This tank 20 possesses an intermediate bottom 39 forming a baffle perpendicular to its vertical axis placed below electrodes such as 26i, pierced in its center for the passage of agitation means 30. This intermediate bottom is solid with a deflector 40 with a surface of revolution, placed under it and surrounding agitation means 30, in particular propeller 33 and its shaft located at this level. This deflector 40 descends to the proximity of the bottom of tank 20 reserving, however, between this bottom and itself a space for the circulation of the electrolytic solution. Similarly, spaces are reserved on the periphery of electrodes 26i, and of intermediate bottom 39, up to the side wall of tank 20 to allow the circulation of the electrolytic solution. A duct 41 for drawing off the electrolytic solution charged with indium formate, equipped with a valve 42 and a pump 43 to regulate the drawing-off flow is provided in the bottom of tank 20, preferably in the center. Electrodes such as 26i are installed by being introduced through orifices corresponding to their section, through plate 25, and they slide to their final position shown in FIG. 4, by being guided by lateral slides solid with plate 25, not represented in the figures and forming a basket which holds them.
Advantageously, electrodes such as 26i all have the same shape and, on one hand, for effectively occupying tank 20 of cylindrical shape and exhibiting the maximum surface able to decompose, and on the other hand, for facilitating the circulation of the electrolyte and holding the current lines perpendicular to the faces of the electrodes, said electrodes are of a prismatic shape with an approximately triangular section seen in FIG. 5.
Also preferably, spaces 44, between electrodes 26i, are constant from the central edge of the electrodes to their peripheral edge close to the side wall of the electrolytic cell, which allows a flow of liquid in these spaces 44 at a constant speed, causing regular and homogeneous wear on the surface of the electrodes.
Preferably, in particular to facilitate the expulsion of liquid between the electrodes under the effect of agitation elements 30 and in particular of rotor 31, electrodes 26i and spaces 44 are not exactly in a radial position, their position is slightly twisted, i.e., the points of electrodes 26i of prismatic shape are staggered around the central vertical axis of the cell in a direction opposite to the direction of rotation of agitation elements 30 and in particular rotor 31, marked by arrow F, as seen in FIGS. 4 and 5.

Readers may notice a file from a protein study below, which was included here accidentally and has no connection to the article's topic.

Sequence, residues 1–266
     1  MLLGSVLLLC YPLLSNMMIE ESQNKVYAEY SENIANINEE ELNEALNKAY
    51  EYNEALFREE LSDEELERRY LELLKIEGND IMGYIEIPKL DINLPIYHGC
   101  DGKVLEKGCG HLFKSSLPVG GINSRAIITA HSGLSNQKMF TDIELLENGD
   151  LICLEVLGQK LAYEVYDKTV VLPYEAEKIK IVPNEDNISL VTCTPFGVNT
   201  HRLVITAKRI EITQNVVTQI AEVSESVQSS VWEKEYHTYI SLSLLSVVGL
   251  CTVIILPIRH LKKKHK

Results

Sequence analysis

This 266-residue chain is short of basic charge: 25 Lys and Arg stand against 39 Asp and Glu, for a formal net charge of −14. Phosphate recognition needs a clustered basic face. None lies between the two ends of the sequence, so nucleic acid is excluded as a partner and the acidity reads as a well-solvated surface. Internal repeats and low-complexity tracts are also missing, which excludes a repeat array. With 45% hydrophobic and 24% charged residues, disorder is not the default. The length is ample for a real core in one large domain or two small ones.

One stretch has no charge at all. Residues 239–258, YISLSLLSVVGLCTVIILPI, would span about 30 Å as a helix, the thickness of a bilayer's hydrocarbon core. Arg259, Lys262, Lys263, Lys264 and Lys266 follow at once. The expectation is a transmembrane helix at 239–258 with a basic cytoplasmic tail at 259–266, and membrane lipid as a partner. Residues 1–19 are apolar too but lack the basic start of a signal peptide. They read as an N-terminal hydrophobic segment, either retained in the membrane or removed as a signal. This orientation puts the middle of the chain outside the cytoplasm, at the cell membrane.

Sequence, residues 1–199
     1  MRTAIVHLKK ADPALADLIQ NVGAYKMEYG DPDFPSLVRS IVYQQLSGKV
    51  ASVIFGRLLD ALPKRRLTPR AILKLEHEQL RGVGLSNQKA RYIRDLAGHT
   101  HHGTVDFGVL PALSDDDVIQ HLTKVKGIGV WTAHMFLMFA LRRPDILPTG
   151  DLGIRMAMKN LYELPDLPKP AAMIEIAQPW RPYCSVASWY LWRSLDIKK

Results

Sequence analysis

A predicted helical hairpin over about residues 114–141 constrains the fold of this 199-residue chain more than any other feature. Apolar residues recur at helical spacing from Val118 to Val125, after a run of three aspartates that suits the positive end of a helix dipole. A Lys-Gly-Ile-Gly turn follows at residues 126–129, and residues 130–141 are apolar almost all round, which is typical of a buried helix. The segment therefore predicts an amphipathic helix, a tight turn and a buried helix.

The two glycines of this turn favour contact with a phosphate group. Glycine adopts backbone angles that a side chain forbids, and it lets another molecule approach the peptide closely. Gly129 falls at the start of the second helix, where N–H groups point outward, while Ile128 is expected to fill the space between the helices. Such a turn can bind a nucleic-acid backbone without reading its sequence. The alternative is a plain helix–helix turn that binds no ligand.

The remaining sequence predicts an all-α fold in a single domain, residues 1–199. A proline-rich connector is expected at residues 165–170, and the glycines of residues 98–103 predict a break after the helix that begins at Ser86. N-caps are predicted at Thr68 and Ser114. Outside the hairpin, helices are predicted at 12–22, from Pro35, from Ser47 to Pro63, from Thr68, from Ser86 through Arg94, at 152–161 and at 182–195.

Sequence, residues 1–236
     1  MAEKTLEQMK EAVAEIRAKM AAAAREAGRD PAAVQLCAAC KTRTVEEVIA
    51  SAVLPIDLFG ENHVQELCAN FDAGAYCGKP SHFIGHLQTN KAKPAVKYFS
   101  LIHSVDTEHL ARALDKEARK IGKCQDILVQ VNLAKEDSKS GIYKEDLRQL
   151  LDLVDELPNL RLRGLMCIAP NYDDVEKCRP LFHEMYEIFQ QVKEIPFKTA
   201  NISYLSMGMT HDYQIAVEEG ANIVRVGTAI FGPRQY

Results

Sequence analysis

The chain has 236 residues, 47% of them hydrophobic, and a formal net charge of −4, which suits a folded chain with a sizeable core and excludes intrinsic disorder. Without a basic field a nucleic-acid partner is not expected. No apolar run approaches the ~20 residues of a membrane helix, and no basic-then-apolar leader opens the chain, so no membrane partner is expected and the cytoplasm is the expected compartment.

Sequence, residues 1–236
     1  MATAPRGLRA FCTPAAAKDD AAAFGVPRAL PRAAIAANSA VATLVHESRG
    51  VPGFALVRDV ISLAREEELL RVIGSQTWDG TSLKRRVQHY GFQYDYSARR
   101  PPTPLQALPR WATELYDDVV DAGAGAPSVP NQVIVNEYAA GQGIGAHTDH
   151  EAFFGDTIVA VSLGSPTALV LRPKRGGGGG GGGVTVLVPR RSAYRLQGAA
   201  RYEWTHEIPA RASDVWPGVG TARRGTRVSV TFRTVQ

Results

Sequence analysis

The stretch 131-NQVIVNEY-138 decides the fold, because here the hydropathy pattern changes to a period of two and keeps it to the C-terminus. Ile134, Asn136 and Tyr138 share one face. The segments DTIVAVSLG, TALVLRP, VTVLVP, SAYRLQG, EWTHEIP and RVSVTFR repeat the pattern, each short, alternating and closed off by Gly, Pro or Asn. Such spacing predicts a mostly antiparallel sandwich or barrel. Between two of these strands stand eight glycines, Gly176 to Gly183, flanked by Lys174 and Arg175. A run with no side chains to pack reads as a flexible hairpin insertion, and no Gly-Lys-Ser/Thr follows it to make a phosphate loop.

FIGS. 4 and 5 show in detail the electric circuit which allows, thanks to movable jumper links such as 28i, for the establishment of an electric junction between studs 29i belonging to electrodes and power lead-ins 27i attached and solid with plate 25. Thus in raising a jumper link such as 28i, it is possible to cut off the corresponding electrode i, then to raise it and remove it by the outlet of the cell when it is used, for example, to replace it with a new one, the other electrodes continuing to be under voltage and the cell continuing to operate.
This operation of changing the electrode previously described and the composition of electrolytic solution consumed are the only operations to accomplish to maintain the electrolytic cell in operation.
This cell shown in FIGS. 4 and 5 operates as described below. At the start, electrodes such as 26i are placed in their baskets hooked under plate 25, the electrolytic solution is introduced into tank 20 to reach the level marked N, the circulation of the thermostatically controlled liquid is started, rotor 31 and propeller 33 are rotated. There follows a flow of electrolytic solution in a horizontal plane from the center toward the periphery of tank 20 through spaces 41 between the prismatic electrodes according to arrows E of FIG. 4 and also in all the vertical planes centered on the axis of tank 20, a loop circulation, descending to the periphery of the tank according to arrows D of FIG. 4 and ascending along the axis of the tank inside deflector 40 as indicated by arrows B, under the effect of revolving propeller 33.